With Iowa, New Hampshire, Nevada, and South Carolina in the rearview mirror, Super Tuesday is finally upon us. And as polling and voting trends have revealed this election cycle, there’s a brewing divide in the voting affinity between young, middle-aged and older Black voters. 

It’s no secret that the politics around the American presidency within Black America is complicated. The Obama-era marked a moment of dignity and arrival of hope, but it also produced a demographic split within the Black democratic voting base. 

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For younger Black voters like myself, whose first presidential vote was cast for a brown-hued, Hawaiian born, Chicago-organizing senator named Barack Hussein Obama, the 44th president became the baseline of possibility and the embodiment of what could be as we looked toward the future of American politics.

Former President of the United States, Barack Obama waves to the crowd during Game Two of the 2019 NBA Finals. (Photo by Gregory Shamus/Getty Images)

Millennial voters have come of age in political, social and cultural movements like Occupy Wall Street, Black Lives Matter, March for Our Lives, #MeToo and #OscarsSoWhite. 

We’ve been formed, and informed, by never-ending wars in foreign territories with an unambiguous justification of continued American participation.

We are beneficiaries of the vastest wealth gap in American history; with the Great Recession and unaffordable credit card and student loan debt of the highest proportions as our economic badges of honor. 

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We have also seen the white supremacist bigotry of the Jim Crow South reinvent itself and spread at viral speed within the Trump-era of “alternative facts.”

Against that backdrop, younger Black voters look to the democratic presidential candidates to speak to Black issues within the context of our coming of age.

But for older Black voters, like my mother — a mid-60s, midwestern-raised, upper-middle-class income earner — who experienced the vitriolic language, policies, and practices of American racism cloaked with illusions of democratic progress by providing access to higher education and white-collar employment, the Obama presidency became the fulfillment of possibility.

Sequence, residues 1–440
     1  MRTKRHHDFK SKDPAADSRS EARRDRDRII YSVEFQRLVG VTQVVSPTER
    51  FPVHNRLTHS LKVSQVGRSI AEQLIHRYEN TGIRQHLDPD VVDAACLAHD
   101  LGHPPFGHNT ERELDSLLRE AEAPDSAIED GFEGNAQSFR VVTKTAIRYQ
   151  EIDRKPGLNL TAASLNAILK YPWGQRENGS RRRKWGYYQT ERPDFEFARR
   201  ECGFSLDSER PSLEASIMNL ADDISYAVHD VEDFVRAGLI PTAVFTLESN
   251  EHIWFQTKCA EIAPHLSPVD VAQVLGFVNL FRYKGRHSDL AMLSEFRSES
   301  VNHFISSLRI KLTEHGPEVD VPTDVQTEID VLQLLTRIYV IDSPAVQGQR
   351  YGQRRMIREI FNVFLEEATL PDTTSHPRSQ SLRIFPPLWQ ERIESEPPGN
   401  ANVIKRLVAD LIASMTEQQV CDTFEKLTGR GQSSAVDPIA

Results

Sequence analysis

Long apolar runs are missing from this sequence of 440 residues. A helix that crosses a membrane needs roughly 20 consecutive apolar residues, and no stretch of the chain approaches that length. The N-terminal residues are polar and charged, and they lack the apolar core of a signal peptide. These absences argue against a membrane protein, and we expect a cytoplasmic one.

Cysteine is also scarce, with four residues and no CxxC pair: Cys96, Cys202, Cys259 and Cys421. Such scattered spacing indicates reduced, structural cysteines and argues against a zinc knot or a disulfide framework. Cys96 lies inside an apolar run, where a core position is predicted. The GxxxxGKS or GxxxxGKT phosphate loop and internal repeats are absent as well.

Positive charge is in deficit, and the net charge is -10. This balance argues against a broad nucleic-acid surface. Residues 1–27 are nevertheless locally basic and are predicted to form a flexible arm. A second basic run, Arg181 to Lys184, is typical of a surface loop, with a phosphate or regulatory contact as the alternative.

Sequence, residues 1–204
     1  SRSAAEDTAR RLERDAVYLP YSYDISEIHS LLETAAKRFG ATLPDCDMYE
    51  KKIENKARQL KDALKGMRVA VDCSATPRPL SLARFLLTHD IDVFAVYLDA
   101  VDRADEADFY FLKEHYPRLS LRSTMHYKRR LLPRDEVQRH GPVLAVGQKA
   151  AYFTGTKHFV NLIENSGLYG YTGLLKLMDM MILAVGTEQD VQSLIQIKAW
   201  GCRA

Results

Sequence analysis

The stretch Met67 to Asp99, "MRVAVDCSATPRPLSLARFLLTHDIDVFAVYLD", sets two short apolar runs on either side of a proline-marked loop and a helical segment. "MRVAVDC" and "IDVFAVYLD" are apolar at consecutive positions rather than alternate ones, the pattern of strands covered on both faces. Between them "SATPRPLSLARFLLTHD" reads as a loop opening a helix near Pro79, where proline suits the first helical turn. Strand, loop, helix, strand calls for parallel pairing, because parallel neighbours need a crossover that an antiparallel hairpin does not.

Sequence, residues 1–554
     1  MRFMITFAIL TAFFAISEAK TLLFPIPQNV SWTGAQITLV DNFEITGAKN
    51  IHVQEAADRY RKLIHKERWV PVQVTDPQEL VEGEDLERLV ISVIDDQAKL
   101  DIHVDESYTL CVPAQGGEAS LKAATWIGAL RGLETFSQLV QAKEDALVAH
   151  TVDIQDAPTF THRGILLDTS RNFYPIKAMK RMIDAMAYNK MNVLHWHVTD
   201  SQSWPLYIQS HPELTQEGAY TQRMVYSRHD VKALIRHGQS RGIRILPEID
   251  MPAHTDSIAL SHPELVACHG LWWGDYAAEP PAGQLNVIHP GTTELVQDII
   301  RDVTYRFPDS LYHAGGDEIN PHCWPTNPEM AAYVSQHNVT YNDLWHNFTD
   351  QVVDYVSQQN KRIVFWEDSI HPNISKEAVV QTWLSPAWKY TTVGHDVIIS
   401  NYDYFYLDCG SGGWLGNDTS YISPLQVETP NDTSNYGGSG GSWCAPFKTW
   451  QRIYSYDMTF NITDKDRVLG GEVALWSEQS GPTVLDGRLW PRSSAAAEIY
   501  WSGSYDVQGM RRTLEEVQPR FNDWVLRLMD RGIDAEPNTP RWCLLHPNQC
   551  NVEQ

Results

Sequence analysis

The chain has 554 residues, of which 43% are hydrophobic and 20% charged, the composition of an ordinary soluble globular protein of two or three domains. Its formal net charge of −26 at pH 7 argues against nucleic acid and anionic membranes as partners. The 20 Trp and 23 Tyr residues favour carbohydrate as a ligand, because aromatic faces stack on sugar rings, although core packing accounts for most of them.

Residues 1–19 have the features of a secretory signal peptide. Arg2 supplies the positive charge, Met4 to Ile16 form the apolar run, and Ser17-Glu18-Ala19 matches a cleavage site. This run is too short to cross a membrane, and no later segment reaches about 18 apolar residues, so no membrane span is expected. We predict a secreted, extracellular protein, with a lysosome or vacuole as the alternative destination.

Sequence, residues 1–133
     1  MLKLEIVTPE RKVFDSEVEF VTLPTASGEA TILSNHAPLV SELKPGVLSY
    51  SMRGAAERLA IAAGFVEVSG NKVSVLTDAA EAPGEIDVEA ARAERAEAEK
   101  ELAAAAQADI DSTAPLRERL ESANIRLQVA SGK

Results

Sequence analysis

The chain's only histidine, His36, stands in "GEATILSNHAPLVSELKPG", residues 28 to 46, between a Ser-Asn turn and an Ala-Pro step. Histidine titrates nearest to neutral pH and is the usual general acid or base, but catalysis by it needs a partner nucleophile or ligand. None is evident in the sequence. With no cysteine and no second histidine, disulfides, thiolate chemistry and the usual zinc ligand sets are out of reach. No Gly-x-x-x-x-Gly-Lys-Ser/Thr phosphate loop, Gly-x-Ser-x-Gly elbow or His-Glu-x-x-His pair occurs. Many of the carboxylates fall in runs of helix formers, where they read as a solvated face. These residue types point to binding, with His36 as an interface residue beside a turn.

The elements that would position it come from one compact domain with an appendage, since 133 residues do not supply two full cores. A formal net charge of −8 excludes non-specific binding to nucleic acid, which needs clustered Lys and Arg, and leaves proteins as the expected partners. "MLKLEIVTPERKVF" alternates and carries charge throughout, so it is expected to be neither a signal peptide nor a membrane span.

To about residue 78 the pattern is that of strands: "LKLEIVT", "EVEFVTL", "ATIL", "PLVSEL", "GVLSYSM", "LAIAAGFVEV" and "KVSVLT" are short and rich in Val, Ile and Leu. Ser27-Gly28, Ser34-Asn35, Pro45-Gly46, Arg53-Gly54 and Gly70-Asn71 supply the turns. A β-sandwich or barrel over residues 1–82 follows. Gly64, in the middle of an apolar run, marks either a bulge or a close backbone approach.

It was the arrival of what had been hoped for and the realization of “a dream deferred.” 

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Now Super Tuesday is here and 1,991 required delegates are within reach for only a handful of candidates: Biden, Sanders and potentially Bloomberg.

It is incumbent on the leading democratic presidential candidates to realize that when they invoke the name, Obama, they are invoking diverging and multifarious sentiments of hope, confidence, expectation, and conviction about the American presidency within the Black vote.

Last week’s South Carolina primary showed us that familiarity, affiliation, and loyalty to a Black man named Barack — and married to a Black woman named Michelle — are conditions, even advantages, that continue to give former Vice President Joe Biden the lead with middle-aged and older Black voters.

Democratic presidential candidate former Vice President Joe Biden speaks during a campaign. (Photo by Ron Jenkins/Getty Images)

Those voters saw the Obamas as embodiments of Black triumph, Black excellence, and Black respectability. 

Biden has spent much, if not the majority, of his campaign relying on his name recognition and relationship as President Obama’s second-in-command, which proved to serve him well, winning every single county in South Carolina. 

But while Biden hypes his legacy relationship with Obama, he hasn’t been as willing to openly address his legacy relationship with the 1994 crime bill.